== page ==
When we enter a hospital room as a patient, we are seeing the room at its cleanest. The room has just been scrubbed down during what is called "terminal cleaning," the rigorous cleaning that takes place after one patient is moved in preparation for the next patient to move in. However rigorous this cleaning procedure (and studies indicate that up to 60% of hospital rooms are not cleaned properly), there will be residual contamination by infectious pathogens. In a dynamic process of contamination and recontamination, after cleaning and through cross-transmission, germs stick around and continue to make patients sicker.
Up until the last 40 years, medical practice placed little emphasis on the role of the environment (furniture, counters, fixtures) in the transmission of infectious pathogens. Since that time, a growing body of evidence shows that, in fact, the environment plays a significant role in pathogen transmission. The following pieces of evidence, as compiled by this review, are each supported by research results:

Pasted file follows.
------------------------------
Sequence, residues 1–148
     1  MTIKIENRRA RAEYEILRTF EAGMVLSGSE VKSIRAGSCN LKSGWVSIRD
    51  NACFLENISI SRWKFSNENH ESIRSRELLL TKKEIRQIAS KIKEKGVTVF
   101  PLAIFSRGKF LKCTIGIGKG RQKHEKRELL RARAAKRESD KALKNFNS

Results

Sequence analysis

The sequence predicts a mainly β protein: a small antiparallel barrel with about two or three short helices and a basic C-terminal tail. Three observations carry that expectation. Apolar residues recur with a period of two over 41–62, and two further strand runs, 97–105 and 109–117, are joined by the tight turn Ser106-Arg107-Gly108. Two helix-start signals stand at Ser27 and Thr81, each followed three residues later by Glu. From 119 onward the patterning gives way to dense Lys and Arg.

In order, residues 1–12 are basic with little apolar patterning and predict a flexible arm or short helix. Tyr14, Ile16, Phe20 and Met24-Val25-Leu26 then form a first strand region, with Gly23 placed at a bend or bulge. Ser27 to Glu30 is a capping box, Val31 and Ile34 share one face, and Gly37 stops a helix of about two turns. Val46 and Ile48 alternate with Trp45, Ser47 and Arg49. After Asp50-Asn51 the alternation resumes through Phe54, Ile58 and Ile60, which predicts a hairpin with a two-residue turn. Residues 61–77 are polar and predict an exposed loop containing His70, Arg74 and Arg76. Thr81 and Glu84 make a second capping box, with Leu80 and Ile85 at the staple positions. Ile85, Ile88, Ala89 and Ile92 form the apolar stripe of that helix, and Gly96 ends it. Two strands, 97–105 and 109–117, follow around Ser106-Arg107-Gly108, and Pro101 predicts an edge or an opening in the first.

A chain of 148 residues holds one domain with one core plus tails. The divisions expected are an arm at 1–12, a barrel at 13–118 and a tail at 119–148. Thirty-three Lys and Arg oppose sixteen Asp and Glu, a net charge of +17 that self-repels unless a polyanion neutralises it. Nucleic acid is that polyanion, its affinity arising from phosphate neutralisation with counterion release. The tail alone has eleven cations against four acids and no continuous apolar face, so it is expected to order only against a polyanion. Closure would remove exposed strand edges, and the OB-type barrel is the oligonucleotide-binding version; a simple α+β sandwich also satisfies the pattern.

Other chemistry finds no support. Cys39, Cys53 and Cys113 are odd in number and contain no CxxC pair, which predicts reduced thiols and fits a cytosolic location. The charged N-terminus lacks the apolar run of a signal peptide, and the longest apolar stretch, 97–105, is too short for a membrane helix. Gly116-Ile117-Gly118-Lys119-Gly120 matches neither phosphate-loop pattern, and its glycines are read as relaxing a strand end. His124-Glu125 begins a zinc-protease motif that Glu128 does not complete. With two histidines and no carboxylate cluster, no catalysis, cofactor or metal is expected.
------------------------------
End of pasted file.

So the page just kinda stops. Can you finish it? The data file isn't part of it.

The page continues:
- You will find the same pathogen infecting the patient on the surfaces in that patient's room
- Pathogens can survive on surfaces for a long time
- If you touch the surfaces or equipment in an infected patient's room, chances are your hands/gloves will become contaminated
- The more contaminated a room, the higher the chances that your hands/gloves will become contaminated
- Pathogens on room surfaces lead to outbreaks through person-to-person transmission or shared medical equipment
- Patients admitted to a room previously occupied by an infected patient are more likely to become infected with that same pathogen
- Improved terminal cleaning and disinfection results in fewer infections for subsequent patients
This body of research has also demonstrated the relative risk associated with certain specific pathogens. The following summary comes from this study:
|Pathogen||Likelihood of becoming infected if previous occupant(s) was infected|
|VRE||1.6 - 2.2x|
These studies reveal that rooms are difficult to clean completely, and that the pathogens that remain are able to contaminate future room occupants.
Huge strides are being made in the area of room decontamination and the attention given to cleaning previously overlooked surfaces. As a result, we are seeing drops in certain HAIs as room cleanliness improves. But there is still much progress to be made.
What can we do about it? In our next post, we'll explore how new technologies are improving terminal cleaning and protecting future occupants from infection.
Editor's Note: This post was originally published in August 2015 and has been updated for freshness, accuracy and comprehensiveness.